This is precisely the problem. We don’t think beyond Sikkim. We need to stop doing this. We are wasting our potential. The parents and the youth equally share this dangerous fantasy of government jobs in Sikkim. This was probably one of the subtle things that motivated me to write this exam – to demonstrate, to show, that we can compete, things can be done differently.
Today, a lot of parents want their children to go for government jobs with a thought that only government jobs can secure one’s future. According to you, is this thinking applicable today, when the private sector is emerging to a great extent?
The government sector, I believe will be the most challenging sector to work in. I think this change will gradually come up. People are now being graded based on performance even in the government sector. Moreover, the government is shrinking; most of the activities like, electricity, housing, etc are outsourced in many states of the country.
In India (or particularly talking about Sikkim), the reservation system is creating a big problem. The trend in Sikkim today is that SC or ST students get 100% scholarship while people from other sections hardly gets any waive in fees. And we know that not all SCs and STs are financially weak. What do you have to say on this?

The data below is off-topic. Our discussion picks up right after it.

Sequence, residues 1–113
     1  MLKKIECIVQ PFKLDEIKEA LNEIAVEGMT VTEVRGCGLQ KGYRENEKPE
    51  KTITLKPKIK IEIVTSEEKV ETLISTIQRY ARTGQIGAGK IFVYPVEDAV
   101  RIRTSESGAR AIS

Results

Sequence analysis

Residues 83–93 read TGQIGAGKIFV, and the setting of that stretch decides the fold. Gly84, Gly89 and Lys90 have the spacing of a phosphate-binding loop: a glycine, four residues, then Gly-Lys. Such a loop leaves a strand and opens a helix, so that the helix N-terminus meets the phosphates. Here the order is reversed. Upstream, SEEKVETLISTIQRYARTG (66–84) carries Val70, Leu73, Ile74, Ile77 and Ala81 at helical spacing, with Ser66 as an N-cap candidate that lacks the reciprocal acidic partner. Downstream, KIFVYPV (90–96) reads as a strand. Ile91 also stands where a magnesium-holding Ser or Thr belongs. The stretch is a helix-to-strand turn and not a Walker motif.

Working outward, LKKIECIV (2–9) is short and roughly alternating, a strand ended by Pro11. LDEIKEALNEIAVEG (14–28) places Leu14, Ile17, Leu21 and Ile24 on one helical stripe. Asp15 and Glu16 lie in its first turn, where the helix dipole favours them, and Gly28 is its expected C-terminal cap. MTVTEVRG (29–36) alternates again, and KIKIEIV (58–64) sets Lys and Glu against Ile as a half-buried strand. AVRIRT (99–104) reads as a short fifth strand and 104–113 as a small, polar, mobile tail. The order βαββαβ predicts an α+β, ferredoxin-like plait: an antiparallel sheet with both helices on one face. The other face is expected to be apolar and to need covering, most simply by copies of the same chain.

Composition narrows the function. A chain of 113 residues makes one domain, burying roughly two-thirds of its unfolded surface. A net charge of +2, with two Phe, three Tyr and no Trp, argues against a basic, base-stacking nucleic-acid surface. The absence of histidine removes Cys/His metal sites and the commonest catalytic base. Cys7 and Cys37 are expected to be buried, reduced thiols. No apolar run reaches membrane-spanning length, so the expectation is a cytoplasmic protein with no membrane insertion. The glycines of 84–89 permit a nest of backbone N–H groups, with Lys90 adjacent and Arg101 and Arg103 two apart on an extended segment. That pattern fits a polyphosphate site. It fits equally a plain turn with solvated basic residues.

One can discuss forever about reservation with no meaningful conclusion. Reservation is necessary; maybe a little adjustment in the selection criteria needs to be done. Nevertheless, in Sikkim, even the reservation doesn’t seem to have helped much. How many make it to the IITs, IIMs, Central Services, All India Services and the like?
International terrorism is on the rise today and most of the terrorists are highly educated. Is it the frustration of unemployment that the educated youths are diverted towards this totally negative world?
That could be one reason.
It’s not news that a lot of Sikkimese youth are not left unaffected with drugs. Despite of various government awareness programs on drugs, Sikkim today stands second in drugs intake in the whole country as per NCR. What is the reason for this as per your views?
Unemployment – mostly due to lack of zeal. No competitiveness – there are hardly any names from Sikkim who qualify in competitive exams.